Teenage Mutant Ninja Turtles: Out of the Shadows “Heroes in a Half Shell Ain’t Half Bad”

teenage mutant ninja turtles out of the shadows poster

Teenage Mutant Ninja Turtles: Out of the Shadows (2016)
Director: Dave Green
Cast: Megan Fox, Will Arnett, Stephen Amell, Tyler Perry, Laura Linney, Brian Tee, Noel Fisher, Jeremy Howard, Pete Ploszek, Alan Ritchson, Gary Anthony Williams, Stephen Farrelly

Teenage Mutant Ninja Turtles: Out of the Shadows’ kid-friendly action and cheesy, slap-stick humor is aimed at a younger target audience. If you no longer wake up early on Saturday mornings to watch cartoons or the phrases “Cowabunga” and “Turtle Power” don’t illicit nostalgia, it could be a tough movie to sit through.

The story picks up after the events of 2014’s Teenage Mutant Ninja Turtles. After stopping Shredder’s attack on New York City, The Turtles are miffed that Vern (Will Arnett), cameraman turned celebrated hero, is getting all the credit and glory. Until humans are ready to co-exist with six-feet tall freaky looking mutants, the Turtles must remain hidden. But the Turtles have bigger problems like stopping mad scientist Baxter Stockman (Tyler Perry) and the rest of the Foot Clan from rescuing master Shredder during a prisoner transport.

The above synopsis doesn’t even begin to cover how many characters are haphazardly crammed into the 1 hour, 52 min run time. For a supposedly brainy villain, Commander Krang doesn’t do anything to outsmart the Turtles. Krang oozes personality but unfortunately is underused. Tyler Perry awkwardly embraces his inner nerd as Dr. Stockman who is never fully realized and is merely the summation of two character traits: his bow tie and dweebish laugh. Better utilized are henchmen Bebop and Rocksteady providing dim-witted comedic relief and the physical force for the Turtles to go up against.

teenage-mutant-ninja-turtles-2-out-shadowsAs formulaic as 2014’s reboot is, it got the basics mostly right. It pin-pointed what the causal audience (not the fanboys) needed to feel satisfied. Here’s where the sequel misses the mark. Returning characters Splinter and April O’Neil aren’t given much in a way of memorable moments. Shredder is reduced to stoic and menacing glares, which you might say is an actual upgrade from the previous film but at least in the reboot he got to show why he’s a fearsome warrior. If this was like Godzilla (2014), there would be a character saying “Let Them Fight” to Shredder and the Turtles. Aside from an airplane sequence, the action scenes aren’t quite the adrenaline fueled ride they are intended to be. This includes an uninspiring climax which borrows from The Avengers ending, which in itself mirrored the Transformers.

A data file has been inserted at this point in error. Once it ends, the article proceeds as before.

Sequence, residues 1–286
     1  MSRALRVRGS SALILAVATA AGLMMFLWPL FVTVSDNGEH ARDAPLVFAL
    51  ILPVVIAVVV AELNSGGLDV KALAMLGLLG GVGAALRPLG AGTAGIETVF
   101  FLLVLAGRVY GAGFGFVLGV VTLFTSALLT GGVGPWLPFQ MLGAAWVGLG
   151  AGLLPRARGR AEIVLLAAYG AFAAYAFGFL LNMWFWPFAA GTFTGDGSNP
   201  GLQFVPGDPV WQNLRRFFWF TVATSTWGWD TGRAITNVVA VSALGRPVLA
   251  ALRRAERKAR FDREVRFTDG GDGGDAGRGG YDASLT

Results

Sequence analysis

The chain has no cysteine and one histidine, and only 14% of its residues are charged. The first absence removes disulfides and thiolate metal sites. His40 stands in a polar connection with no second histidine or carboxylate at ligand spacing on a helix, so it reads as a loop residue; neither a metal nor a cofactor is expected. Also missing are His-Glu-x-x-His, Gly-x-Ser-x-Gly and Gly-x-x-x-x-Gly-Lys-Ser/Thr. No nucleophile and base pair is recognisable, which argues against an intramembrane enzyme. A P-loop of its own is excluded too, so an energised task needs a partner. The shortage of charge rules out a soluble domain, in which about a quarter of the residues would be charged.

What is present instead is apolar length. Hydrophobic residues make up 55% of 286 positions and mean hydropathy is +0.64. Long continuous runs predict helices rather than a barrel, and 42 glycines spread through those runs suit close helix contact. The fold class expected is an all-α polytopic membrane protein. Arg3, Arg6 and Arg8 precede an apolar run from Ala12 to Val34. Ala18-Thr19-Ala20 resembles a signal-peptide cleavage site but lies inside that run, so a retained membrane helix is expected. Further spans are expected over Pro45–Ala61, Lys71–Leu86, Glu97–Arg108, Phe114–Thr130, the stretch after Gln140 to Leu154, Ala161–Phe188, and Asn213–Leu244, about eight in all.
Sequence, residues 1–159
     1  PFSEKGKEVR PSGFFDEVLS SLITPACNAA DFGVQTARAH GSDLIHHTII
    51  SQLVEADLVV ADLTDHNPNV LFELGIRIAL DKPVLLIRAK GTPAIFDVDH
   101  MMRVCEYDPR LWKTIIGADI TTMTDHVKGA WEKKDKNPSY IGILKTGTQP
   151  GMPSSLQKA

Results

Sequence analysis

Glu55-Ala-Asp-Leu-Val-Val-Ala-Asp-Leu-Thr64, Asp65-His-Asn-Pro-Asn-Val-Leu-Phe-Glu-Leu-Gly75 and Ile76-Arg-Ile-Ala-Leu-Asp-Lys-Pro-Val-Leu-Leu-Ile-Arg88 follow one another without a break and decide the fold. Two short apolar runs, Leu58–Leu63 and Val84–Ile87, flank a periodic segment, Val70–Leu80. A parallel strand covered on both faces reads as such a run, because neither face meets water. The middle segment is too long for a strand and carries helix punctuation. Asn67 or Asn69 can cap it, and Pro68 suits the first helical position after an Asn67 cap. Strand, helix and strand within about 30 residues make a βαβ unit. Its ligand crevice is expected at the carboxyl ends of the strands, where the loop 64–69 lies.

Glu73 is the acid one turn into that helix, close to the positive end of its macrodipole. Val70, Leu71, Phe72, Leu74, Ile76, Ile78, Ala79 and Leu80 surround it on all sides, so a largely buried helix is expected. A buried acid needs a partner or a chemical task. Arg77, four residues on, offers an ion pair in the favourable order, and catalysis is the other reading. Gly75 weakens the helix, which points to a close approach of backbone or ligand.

The intro credits puts captions on screen that Donny is the Brains, Raphael is the Muscle and so on. Archetypes makes it easier to understand and identify with characters without having to truly flesh them out. Better defined in this sequel is Leo, the quiet leader who learns the difference between being brothers and being a team. There’s a divide in the team with Raphael and Mikey most wanting to live up above among the humans. The idea of coming out of the shadows helps shape the story and sets up the Turtles’ hero arc, but falls short of something that’ll emotionally resonate.  

teenage mutant ninja turtles out of the shadows megan fox stephen amell

Arrow’s Stephen Amell brings a solid likability factor to hockey fanatic Casey Jones. Jones is a corrections officer striving to advance his career in law enforcement, similar to how April wanted to become a serious journalist in the 2014 reboot.  Casey is not a dark, violent type vigilante which fits into the tone of this franchise. Of the new characters, Casey is the best choice to bring back for another movie as there’s more potential to be explored. Fortunately, there’s no forced romance between Casey and April. In a funny way, his presence puts the dampers on Mickey’s unabashed crushing on April, an on-going gag from the first movie, and makes Vern jealous.

Teenage Mutant Ninja Turtles: Out of the Shadow’s story is safe and predictable. The silly humor isn’t as consistent as 2014’s reboot, though there are a few good laughs. Many of the supporting characters and villains get lost in the mix; however, Bebop, Rocksteady and Casey Jones are pretty good additions. Out of the Shadows doesn’t up the ante as a sequel but it’s not so bad that it’ll kill this franchise. The Turtles are fun-loving, crowd pleasers. It’s harmless fun. Kids and families will no doubt be watching this summer blockbuster. 


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